Opinion: National Park Restoration Act a commonsense solution to park repair backlogs
Last week, we celebrated National Park Week, a chance for Americans across the country to celebrate our great outdoors, and no state’s people are as proud of their public lands as Coloradans. For decades, Coloradans have cherished our public lands and are strong supporters of protecting these lands for the next generation.
Whether it is hiking one of Colorado’s fourteeners, spending the day exploring Rocky Mountain National Park, sledding down the Great Sand Dunes National Park, or learning about the ancient cultures that called Colorado home at Mesa Verde National Park, as a state we are always enjoying our National Parks and public lands.
National Park Week was a chance for us to reflect back on the work we have been able to do to support our public lands up to this point, as well as look forward to new ways to protect these lands we all enjoy.
Since I entered the Senate, I have worked with Sen. Michael Bennet, D-Colo., and other colleagues on both sides of the aisle to make sure the Land and Water Conservation Fund (LWCF) is properly funded. LWCF is a critical conservation program that preserves public lands and ensures public access to the outdoors. In short, the program takes leasing revenues from natural resource operations on public lands and uses those dollars to preserve and protect our public lands for future generations. This program is supported by conservationists, sportsmen, hunters, and many other Coloradans who appreciate the outdoors, and has been wildly successful since its inception more than 30 years ago.
However, as more and more people from all over the world flock to our public lands and National Parks, we are now at a point where the infrastructure inside our parks is in desperate need of repair. There is an urgent need to address the more than $11 billion dollar maintenance backlog on lands managed by the National Park Service, more than $220 million of which is here in Colorado.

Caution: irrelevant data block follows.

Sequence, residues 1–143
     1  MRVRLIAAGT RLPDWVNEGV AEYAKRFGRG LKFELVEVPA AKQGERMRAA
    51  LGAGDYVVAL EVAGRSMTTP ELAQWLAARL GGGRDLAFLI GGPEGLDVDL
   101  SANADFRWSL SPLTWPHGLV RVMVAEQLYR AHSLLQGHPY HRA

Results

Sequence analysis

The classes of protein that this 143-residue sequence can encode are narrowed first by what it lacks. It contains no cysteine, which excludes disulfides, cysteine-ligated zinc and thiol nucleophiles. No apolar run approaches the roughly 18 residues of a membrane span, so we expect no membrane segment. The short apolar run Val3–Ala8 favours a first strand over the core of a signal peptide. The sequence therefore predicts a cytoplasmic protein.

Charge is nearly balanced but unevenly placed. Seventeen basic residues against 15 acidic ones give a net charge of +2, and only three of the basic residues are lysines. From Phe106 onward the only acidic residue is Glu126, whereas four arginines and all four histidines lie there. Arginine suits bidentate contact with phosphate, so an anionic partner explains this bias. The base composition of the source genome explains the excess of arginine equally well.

In an effort to address this problem, the Department of Interior proposed increasing the entrance fee at National Parks across Colorado and the country. I was weary of this plan and wrote to Secretary of the Interior Ryan Zinke saying, “While I share your urgency on the need to address the park maintenance backlog, I have concerns that sudden and dramatic increases in the costs of passes for both private individuals and commercial operations could have unforeseen negative consequences on the communities that rely on visitation to these parks to keep their economies thriving.”
Interior drastically reduced the amount of the fee increase and will instead work with Congress on a different solution.
The result of this cooperation led to the introduction of the National Park Restoration Act, a bipartisan, commonsense proposal that will use the federal share of revenues from energy production on federal lands to help pay for the more than $11 billion maintenance backlog at our national parks. Modeled after the way we fund the successful LWCF program, this proposal is supported by members on both sides of the aisle, as well as the Trump administration. It is also important to note the legislation protects LWCF and does not take one dollar from existing conservation programs.
We have an obligation to protect our public lands for future generations of Coloradans to enjoy and National Park Week was a reminder of that. Now is as good as time as any for Congress to pass the National Park Restoration Act and make a long-term commitment to our National Parks.
U.S. Senator Cory Gardner (R-CO)
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